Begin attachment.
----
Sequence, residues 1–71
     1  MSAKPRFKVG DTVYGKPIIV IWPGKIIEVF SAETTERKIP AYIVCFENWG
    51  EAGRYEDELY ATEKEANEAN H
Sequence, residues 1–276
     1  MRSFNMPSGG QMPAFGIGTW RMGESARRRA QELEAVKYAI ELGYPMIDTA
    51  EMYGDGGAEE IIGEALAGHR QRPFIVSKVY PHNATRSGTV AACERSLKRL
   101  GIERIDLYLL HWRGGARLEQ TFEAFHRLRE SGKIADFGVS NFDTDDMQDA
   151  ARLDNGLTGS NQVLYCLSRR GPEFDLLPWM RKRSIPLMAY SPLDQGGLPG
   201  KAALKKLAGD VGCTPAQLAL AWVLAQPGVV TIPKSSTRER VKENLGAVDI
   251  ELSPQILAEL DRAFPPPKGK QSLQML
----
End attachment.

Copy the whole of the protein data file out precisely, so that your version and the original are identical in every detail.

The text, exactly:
Sequence, residues 1–71
     1  MSAKPRFKVG DTVYGKPIIV IWPGKIIEVF SAETTERKIP AYIVCFENWG
    51  EAGRYEDELY ATEKEANEAN H
Sequence, residues 1–276
     1  MRSFNMPSGG QMPAFGIGTW RMGESARRRA QELEAVKYAI ELGYPMIDTA
    51  EMYGDGGAEE IIGEALAGHR QRPFIVSKVY PHNATRSGTV AACERSLKRL
   101  GIERIDLYLL HWRGGARLEQ TFEAFHRLRE SGKIADFGVS NFDTDDMQDA
   151  ARLDNGLTGS NQVLYCLSRR GPEFDLLPWM RKRSIPLMAY SPLDQGGLPG
   201  KAALKKLAGD VGCTPAQLAL AWVLAQPGVV TIPKSSTRER VKENLGAVDI
   251  ELSPQILAEL DRAFPPPKGK QSLQML